Asthma is a disease that continues to affect the lives of millions of people, although advancements made by the medical community as a whole have vastly improved patients' abilities to not only treat but manage their condition so that a normal, happy life is quite possible for almost all of them.
One of the aspects of research that's been quite prominent within this issue is that of asthma treatment. The reason is that at this time, there is no known cure for asthma, which means that those who have it must be able to understand how to mitigate its influence on their lives. Luckily, there are almost limitless opportunities to do so, and below are three general 'areas' of asthma treatment that have been quite successful.
Short–Term Asthma Treatment
The short–term treatment needs for asthma patients basically includes having proper medication readily available to those who may suffer from periodic attacks. The Mayo Clinic has published a list of recommended types of medications, and these appear below:
- Short–acting beta–2 agonists, such as albuterol. These inhaled medications, called bronchodilators, ease breathing by temporarily relaxing airway muscles. They act within minutes, and effects last four to six hours.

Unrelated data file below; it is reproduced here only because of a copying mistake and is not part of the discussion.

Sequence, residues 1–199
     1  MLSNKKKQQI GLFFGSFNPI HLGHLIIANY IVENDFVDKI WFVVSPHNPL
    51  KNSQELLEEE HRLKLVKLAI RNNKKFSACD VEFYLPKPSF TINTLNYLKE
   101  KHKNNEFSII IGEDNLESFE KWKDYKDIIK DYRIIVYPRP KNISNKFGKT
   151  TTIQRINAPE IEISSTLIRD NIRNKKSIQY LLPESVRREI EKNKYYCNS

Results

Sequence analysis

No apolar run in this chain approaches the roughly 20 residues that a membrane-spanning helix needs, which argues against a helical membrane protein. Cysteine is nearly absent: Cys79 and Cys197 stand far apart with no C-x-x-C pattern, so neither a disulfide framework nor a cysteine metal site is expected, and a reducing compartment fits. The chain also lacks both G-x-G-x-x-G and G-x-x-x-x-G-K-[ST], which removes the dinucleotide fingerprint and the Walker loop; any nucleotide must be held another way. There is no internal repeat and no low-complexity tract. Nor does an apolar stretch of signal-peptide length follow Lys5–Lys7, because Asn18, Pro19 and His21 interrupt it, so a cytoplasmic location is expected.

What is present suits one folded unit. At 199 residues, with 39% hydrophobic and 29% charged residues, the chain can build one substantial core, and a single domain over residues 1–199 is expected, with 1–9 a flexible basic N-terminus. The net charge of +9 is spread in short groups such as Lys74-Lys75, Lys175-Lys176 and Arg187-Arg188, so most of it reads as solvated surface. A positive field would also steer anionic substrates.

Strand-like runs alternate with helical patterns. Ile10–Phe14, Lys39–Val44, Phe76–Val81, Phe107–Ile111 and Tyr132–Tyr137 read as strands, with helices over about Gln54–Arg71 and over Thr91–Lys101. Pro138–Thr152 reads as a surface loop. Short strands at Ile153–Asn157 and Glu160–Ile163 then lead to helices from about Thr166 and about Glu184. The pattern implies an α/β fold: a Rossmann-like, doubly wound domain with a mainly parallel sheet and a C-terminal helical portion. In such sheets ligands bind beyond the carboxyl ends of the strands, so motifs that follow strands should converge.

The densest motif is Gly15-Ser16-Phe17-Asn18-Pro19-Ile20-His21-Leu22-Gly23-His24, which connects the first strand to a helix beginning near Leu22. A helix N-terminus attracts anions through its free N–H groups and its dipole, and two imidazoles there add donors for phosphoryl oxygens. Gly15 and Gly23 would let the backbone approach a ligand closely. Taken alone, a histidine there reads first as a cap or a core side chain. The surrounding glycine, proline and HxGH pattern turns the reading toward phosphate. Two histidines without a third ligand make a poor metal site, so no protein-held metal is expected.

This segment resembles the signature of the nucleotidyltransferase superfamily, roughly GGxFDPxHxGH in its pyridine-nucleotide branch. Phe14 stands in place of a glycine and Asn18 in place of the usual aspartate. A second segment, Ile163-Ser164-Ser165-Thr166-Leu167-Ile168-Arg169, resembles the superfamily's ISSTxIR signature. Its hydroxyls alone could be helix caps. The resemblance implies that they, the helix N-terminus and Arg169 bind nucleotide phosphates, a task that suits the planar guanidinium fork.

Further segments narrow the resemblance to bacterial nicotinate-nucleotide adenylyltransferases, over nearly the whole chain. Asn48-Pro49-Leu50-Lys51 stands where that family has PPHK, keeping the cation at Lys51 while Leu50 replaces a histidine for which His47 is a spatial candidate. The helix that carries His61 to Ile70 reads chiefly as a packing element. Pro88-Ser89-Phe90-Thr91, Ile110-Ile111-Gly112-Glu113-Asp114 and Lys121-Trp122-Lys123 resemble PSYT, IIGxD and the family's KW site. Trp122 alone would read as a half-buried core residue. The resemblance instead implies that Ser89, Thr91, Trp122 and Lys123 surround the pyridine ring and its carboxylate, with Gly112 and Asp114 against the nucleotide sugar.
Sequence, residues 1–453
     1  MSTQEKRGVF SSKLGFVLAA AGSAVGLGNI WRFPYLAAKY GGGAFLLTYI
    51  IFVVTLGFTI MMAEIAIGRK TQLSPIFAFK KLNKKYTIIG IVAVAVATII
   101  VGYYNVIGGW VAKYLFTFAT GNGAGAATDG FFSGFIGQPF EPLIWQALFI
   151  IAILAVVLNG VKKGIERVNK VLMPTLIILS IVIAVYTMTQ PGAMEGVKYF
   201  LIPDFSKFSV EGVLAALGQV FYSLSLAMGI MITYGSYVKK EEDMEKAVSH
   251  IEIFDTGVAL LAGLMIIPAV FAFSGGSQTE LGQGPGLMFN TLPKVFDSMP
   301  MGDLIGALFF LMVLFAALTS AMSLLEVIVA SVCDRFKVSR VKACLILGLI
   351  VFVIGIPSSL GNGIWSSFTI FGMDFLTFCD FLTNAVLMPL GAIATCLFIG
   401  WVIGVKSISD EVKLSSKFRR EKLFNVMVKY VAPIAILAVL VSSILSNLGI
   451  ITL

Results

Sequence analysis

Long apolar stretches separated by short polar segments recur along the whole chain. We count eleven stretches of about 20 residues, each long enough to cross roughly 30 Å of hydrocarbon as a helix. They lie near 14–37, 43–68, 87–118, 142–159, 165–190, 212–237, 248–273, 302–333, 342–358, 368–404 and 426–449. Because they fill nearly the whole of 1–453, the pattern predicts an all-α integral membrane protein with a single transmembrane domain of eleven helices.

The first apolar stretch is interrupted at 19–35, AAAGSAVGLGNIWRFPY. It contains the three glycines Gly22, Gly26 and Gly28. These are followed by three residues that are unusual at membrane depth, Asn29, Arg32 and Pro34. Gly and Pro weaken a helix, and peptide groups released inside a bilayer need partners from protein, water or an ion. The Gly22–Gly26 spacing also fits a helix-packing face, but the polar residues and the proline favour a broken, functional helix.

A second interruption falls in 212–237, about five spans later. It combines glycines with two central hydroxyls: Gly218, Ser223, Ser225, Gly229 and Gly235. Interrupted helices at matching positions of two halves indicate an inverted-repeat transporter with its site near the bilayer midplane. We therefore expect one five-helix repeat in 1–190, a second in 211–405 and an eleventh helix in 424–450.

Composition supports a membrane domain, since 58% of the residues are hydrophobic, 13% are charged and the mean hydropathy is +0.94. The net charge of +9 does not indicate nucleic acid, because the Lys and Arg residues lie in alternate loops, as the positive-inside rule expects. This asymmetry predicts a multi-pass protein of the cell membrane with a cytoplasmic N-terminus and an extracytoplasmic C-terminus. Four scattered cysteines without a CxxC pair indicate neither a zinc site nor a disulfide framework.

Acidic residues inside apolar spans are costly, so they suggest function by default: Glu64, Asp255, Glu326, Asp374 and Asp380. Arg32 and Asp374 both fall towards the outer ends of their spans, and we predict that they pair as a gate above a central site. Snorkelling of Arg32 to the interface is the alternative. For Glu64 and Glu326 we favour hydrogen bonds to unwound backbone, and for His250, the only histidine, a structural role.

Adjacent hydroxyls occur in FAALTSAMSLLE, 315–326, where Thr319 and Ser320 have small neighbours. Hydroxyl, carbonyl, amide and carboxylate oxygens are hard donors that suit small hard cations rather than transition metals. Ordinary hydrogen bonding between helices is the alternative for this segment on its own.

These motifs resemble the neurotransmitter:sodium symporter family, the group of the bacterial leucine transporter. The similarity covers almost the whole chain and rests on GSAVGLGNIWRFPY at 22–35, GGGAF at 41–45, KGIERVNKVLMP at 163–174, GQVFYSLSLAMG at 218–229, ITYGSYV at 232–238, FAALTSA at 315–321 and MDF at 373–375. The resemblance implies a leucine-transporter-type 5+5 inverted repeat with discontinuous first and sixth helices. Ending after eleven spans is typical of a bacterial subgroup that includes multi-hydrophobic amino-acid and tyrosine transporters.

- Ipratropium (Atrovent). Your doctor might prescribe this inhaled anticholinergic for the immediate relief of your symptoms. Like other bronchodilators, ipratropium relaxes the airways, making it easier to breathe. Ipratropium is mostly used for emphysema and chronic bronchitis.
- Oral and intravenous corticosteroids to treat acute asthma attacks or very severe asthma. Examples include prednisone and methylprednisolone. These medications relieve airway inflammation. They may cause serious side effects when used long term, so they're only used to treat severe asthma symptoms.
The basic goal of any short–term treatment is to stave off the immediate attack and to avoid unnecessary danger that could result in one if a patient is not prepared.
Aside from the short-term treatment options, most asthma patients need to follow a daily protocol of medications that are basically in place to minimize the possibility of additional asthma attacks occurring. These medications generally fall into five different categories:
- Inhaled corticosteroids
- Long-acting beta–2 agonists (LABAs)
- Leukotriene modifiers
- Cromolyn and nedocromil (Tilade)
Preventative Asthma Treatment
While different patients must avoid different potential triggers for attacks, the same basic strategy applies to everyone – minimize the exposure of those materials that could be one of the reasons attacks occur. For instance, some patients should avoid dust and pet dander, and most should avoid strenuous exercise in outdoor environments that are cold and dry. You and your doctor should be able to put together a sound list of things to avoid simply by paying attention to your surroundings when attacks occur.
Overall, asthma treatment will continue to be an ongoing target of new research and productive learning. Regardless of the specifics of your condition, there are avenues available to you to help you avoid unnecessary attacks and risk.